Few items of menswear come packaged with as much attitude, heritage or unfiltered masculinity as a leather jacket. Synonymous with punks and pilots, motorcycles and Marlon Brando, the leather jacket is high-testosterone menswear, but it’s also a surprisingly versatile classic. In short, no well-edited wardrobe is complete without one.
Men have been wearing hides and skins since our knuckles stopped skimming the floor, but the leather jacket as we know it today came to prominence in the early 1900s. Brown leather flight jackets were worn by the early aviators and the military, most notably the German Air Force in World War I. Check out Vintage leather Jackets here
The first contemporary-looking style arrived in 1928. A Manhattan raincoat maker, Irving Schott, designed a motorcycle jacket for Harley Davidson. Dubbed the ‘Perfecto’, after his favourite cigar, this leather jacket was built to protect riders from the elements and accidents. During World War II the flight jacket became known as the bomber, and was prized for its warmth having been designed for wear in open cockpits. Bomber leather Jackets
Between then and now, leather jackets have appeared everywhere from in cult flick The Wild One to on the backs of the Sex Pistols. It’s standard-issue for mavericks, scoundrels and sex symbols.
Today, the garment is likely to be one of the most expensive additions to a wardrobe, so don’t be a rebel without a clue – make a shrewd purchase. If for no other reason, a good leather jacket is one of the few long-term relationships you’ll have in fashion. They’re built to last, age as you do and pair with more items than you might expect. If you don’t consider Danny Zuko a style icon, that’s fine – there are other ways to wear it.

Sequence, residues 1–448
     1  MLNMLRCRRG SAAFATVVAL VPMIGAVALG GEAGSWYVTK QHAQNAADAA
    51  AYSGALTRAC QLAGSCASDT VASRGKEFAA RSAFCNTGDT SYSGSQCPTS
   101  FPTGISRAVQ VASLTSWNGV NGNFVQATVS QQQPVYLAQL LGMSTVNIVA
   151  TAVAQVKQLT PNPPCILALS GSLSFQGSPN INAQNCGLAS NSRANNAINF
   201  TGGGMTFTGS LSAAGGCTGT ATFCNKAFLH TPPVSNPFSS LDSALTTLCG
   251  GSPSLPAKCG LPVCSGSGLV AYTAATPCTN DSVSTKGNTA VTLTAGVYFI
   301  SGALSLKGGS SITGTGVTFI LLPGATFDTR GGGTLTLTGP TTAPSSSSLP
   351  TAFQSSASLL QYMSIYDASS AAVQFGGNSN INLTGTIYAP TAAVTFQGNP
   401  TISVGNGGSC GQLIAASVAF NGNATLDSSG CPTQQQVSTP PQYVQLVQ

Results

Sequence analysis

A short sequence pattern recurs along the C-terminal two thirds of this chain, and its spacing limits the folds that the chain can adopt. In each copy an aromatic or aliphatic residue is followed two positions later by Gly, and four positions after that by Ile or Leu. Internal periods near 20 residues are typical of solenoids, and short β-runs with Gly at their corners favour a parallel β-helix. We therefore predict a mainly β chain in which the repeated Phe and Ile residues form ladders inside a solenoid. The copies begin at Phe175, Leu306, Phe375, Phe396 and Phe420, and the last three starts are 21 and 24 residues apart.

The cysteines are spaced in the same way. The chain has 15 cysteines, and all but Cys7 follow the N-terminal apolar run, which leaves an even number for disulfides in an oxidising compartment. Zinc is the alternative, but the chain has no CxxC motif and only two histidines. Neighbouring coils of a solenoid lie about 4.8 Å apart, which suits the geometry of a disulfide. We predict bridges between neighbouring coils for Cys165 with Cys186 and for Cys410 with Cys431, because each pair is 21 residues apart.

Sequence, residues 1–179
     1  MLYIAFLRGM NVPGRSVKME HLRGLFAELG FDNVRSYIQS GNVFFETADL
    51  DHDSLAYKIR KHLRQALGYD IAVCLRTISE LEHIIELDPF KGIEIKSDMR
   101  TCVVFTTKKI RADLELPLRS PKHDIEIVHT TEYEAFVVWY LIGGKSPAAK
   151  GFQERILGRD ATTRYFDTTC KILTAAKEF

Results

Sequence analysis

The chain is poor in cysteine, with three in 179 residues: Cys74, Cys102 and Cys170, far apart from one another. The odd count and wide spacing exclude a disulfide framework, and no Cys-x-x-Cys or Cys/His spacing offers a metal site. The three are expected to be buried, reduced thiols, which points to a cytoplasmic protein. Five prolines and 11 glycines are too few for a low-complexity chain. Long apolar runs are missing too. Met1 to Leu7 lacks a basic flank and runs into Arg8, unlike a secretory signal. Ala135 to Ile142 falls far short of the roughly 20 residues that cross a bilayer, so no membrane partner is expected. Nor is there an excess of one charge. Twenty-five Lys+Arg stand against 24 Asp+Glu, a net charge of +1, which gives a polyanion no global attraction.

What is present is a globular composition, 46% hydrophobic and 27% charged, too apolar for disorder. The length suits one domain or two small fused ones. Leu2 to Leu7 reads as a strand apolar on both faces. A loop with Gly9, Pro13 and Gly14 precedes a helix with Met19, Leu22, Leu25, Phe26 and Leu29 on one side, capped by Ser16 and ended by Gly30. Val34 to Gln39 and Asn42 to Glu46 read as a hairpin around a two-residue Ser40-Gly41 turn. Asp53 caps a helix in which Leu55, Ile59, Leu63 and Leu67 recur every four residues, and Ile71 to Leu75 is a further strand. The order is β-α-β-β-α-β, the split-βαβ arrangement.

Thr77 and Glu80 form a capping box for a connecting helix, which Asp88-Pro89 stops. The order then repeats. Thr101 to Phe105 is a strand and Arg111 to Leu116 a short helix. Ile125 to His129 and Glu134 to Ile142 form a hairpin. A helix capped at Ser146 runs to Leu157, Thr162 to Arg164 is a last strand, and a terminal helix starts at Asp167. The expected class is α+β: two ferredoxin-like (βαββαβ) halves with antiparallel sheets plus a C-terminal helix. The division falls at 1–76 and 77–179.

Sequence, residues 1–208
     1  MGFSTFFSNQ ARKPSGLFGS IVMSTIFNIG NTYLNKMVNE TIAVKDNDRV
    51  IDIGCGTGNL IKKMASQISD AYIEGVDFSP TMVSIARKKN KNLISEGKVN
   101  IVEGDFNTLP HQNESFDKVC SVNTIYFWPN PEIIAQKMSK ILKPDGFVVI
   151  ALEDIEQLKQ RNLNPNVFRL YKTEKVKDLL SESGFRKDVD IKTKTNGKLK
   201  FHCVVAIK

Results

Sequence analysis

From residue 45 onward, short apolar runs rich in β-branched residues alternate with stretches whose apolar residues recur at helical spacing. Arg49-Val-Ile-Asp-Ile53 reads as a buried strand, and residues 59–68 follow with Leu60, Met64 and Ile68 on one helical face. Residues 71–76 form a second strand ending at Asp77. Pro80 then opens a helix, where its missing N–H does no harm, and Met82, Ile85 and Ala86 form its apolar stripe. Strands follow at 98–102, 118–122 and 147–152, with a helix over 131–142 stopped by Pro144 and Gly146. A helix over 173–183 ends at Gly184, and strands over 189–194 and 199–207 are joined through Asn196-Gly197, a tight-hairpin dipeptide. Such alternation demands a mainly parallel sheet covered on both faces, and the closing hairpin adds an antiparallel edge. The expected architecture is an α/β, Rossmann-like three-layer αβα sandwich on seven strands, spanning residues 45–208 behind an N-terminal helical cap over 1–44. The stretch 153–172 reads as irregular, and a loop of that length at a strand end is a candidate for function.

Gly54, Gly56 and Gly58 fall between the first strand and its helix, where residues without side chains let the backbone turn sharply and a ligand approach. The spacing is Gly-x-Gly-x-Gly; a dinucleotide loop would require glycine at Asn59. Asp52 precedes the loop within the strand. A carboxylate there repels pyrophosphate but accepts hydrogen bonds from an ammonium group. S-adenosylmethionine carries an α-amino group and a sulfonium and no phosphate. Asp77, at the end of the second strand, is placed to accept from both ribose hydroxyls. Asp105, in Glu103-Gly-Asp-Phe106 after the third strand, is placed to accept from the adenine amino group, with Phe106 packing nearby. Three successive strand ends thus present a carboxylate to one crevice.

How Much Should I Pay For A Leather Jacket?
There are as many price points as there are jackets. Generally, you get what you pay for, but while in some cases you pay for the name, the price usually comes down to the quality and type of leather used. Anything less than &250 is made of lower grade leather quality. So try to avoid this mistake and don’t go for cheap as you wont get the feel of a real leather jacket. Choice is yours!
“A good quality leather garment is often supple and soapy to the touch,”.
For the very best quality (and steepest prices) you’ll need to look for ‘full grain’ leather jackets. These use the best quality hides and, due to its thickness, are rather stiff at first. They will take some breaking in, just like a good pair of Derby shoes, but you’ll be rewarded with a natural patina and a jacket that is unique to you.
If your budget is limited, ‘top grain’ leathers are more affordable. These have had the natural grain sanded off and been stamped to give the leather an even look.
When weighing up a jacket, don’t stop at the leather itself, says Clarke. “Check for the quality of zips and buttons. Zips should run very smoothly and freely.